Made in U.S.A.
by Diane Lindquist on 07/03/2014 | 9 Minute Read
In the 1920s, Ford started producing over one million automobiles a year. World War I had ended and America (and the rest of the world) began paying attention to Ford's Model A. Americans began to feel pride in being American and the culture coined the phrase Made in U.S.A. At the time, American design was known for lush handmade typography and an incredible attention to quality. [ 1 ]
During the 1950s, American consumerism exploded. Advertising trends were established in the cultural and economic environment of the times. All traditional media, such as radio, newspapers and magazines remained vital ad conduits, but TV quickly established itself as a cornerstone of many advertisers’ national media plans. Today, we may know it better as the era of “Mad Men” advertising. [ 2 ]
In 1952, Michigan State University became the first university in the world to offer a degree in Packaging Engineering, fueling the growth of packaging design and further developing the claim of Made In U.S.A. American design started to take its distinct form with colorful packaging that still maintained the lush handmade typography of the 1920s. Traditional values began to meet the new values influenced by emerging designers such as Charles and Ray Eames.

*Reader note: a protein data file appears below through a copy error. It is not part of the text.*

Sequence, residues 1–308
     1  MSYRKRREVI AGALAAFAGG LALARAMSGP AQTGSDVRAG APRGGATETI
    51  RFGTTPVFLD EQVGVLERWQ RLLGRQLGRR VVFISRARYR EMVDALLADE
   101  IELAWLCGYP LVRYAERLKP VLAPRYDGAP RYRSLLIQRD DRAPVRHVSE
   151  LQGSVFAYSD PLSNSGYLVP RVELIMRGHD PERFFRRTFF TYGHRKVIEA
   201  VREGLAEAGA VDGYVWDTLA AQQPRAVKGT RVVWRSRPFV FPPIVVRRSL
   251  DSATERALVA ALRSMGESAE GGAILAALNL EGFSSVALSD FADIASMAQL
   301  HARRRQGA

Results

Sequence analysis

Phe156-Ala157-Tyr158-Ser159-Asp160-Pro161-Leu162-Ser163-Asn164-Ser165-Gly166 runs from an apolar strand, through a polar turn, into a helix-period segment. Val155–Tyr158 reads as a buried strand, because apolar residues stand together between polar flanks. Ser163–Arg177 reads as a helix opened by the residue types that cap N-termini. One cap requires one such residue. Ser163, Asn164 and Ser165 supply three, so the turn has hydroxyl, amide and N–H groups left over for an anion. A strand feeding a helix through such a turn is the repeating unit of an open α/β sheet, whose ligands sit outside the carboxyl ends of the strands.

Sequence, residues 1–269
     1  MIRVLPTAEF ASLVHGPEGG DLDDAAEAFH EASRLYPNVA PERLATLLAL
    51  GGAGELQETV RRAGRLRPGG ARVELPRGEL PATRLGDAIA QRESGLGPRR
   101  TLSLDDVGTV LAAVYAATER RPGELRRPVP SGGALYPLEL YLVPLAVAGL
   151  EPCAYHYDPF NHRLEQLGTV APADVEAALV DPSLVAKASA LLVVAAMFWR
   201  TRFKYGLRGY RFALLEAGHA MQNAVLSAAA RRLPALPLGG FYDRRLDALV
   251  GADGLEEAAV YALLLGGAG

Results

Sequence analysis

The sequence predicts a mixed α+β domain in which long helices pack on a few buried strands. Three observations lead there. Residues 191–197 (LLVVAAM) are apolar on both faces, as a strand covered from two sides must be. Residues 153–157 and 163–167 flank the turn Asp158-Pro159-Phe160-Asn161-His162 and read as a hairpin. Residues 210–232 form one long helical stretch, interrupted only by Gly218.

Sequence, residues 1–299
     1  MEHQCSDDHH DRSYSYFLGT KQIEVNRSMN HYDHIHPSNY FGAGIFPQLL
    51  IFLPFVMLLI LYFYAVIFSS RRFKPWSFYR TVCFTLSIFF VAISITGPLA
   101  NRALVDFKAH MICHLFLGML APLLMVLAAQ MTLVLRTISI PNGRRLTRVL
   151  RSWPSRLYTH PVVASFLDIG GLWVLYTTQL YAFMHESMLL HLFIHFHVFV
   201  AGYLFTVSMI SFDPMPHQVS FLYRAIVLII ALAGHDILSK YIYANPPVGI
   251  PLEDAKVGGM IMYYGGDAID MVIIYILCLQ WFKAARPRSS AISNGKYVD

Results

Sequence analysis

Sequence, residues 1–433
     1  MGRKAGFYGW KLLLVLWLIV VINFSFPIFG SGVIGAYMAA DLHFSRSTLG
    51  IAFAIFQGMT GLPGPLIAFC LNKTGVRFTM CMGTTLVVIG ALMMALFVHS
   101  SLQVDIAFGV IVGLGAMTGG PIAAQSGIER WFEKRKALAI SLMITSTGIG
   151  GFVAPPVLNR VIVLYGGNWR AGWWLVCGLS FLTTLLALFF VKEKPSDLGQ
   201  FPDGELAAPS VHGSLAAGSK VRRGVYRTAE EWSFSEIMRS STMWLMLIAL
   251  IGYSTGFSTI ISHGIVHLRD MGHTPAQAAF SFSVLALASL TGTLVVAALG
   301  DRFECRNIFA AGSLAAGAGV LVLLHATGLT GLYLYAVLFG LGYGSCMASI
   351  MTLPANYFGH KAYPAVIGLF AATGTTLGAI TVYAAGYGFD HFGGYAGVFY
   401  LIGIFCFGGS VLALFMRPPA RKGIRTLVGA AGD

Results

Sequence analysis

Over the last sixty years, American design has evolved along with the times, while still maintaining many of its roots. It retains qualities from its inception in the 1920’s and boom in the 1950’s, yet has also come to redefine the cultural and economic environment of today. We have taken back the idea of the American Dream by creating our own version of it. More than ever, consumers support and buy American handmade products.
With that in mind, and in honor of celebrating America’s Independence Day, we have selected several packaging projects that uphold the Made in U.S.A. claim. They are designed by American studios or designers and are produced in the good ol’-U.S.A.
From The Dieline team, Happy Fourth of July!
[ 1 ] Ford’s Heritage
[ 2 ] History: 1950s on Ad Age